Scarlet fever is caused by streptococci, which is a highly contagious bacterium. There is no vaccine against scarlet fever.
When a person with scarlet fever sneezes or coughs, droplets containing infectious substances are collected in the air. Then the person who is close can get infected. It’s called drip contamination.
Scarlet fever can also be transmitted through direct contact, for example, through the hands or through hugs and kisses. Children can also be infected if they take in things that the sick person has taken in or turned in. It can be, for example, towels, handkerchiefs, toys, and toys.
Scarlet fever infects from a day before the child becomes ill and several weeks afterward if the child does not receive treatment of scarlet fever. The child does not usually become infected after two days of antibiotic treatment.
Scarlet fever is spread mainly from people who are themselves sick. A child can also carry streptococci and be contagious without being sick. Up to half of the students in a class where scarlet fever occurs can be healthy carriers of infection.
Children should stay at home
Children who attend school, preschool or open preschool should stay at home until they are fever-free and feel good. They should stay at home for at least two days after starting antibiotic treatment of scarlet fever.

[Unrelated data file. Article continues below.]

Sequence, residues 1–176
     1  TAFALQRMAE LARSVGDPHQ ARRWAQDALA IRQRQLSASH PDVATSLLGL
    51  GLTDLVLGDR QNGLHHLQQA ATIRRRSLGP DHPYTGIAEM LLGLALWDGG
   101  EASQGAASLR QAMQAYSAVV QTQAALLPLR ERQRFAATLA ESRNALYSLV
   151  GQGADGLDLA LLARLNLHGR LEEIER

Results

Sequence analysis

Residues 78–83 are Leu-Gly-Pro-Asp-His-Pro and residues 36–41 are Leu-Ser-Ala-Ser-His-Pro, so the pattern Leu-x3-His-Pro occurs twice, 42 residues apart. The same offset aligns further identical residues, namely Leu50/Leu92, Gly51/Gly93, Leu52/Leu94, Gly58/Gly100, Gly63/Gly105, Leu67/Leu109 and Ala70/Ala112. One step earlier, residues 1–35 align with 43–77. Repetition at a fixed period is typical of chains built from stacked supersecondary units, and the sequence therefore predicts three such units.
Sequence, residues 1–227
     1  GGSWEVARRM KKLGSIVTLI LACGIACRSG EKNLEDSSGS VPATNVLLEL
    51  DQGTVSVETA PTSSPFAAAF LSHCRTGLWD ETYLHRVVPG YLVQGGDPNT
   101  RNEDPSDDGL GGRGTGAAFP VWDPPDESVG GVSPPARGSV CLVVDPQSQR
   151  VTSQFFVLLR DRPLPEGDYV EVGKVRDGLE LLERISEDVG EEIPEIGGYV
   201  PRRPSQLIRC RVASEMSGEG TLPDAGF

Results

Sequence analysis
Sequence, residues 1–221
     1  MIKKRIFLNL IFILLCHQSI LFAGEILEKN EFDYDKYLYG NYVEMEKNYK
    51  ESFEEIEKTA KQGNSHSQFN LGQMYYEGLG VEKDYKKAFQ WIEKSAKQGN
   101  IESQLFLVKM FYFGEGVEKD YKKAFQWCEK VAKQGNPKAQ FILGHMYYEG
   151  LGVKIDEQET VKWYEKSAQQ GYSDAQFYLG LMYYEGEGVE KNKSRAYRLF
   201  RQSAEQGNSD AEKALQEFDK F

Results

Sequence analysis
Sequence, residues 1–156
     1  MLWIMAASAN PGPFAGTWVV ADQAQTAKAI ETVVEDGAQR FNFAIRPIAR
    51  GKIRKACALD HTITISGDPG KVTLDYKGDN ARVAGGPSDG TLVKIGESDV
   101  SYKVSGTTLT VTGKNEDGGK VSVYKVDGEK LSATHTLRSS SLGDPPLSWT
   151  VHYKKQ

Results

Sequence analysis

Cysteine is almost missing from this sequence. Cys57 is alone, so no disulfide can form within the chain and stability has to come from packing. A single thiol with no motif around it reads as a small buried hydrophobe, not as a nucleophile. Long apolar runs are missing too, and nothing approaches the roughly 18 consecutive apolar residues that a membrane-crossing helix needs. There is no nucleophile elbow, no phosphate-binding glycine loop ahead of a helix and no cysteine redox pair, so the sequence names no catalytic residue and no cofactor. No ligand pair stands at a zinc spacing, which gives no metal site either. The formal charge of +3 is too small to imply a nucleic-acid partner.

The doctor looks at the throat, tongue, and rash to determine if a child has scarlet fever. The child will usually be told how she feels about herself if she can.
You can also do a so-called quick test, which shows if there are streptococci in the throat. The doctor takes the sample from the pharynx with a small swab of cotton on top and will be ready in minutes. The rapid test is performed at the doctor’s office.
Influence and participate in your care
In order to be able to participate in your care and make decisions, it is important that you understand the information you receive from the healthcare staff. Ask questions if you don’t understand. You can also ask to have the information printed to read it peacefully.
Children should be able to participate
There is no age limit for when a child can have influence over their care. The child’s ability to participate in related to the child’s maturity.
The older the child, the more important it is for them to be involved in their care. In order to be active in the care and to make decisions, it is important that you as an adult and the child understand the information you receive from the care staff.
Treatment of scarlet fever
Children who have a streptococcal infection are treated with antibiotics. It is important not to stop before the treatment of scarlet fever is complete, even if the child is healthy.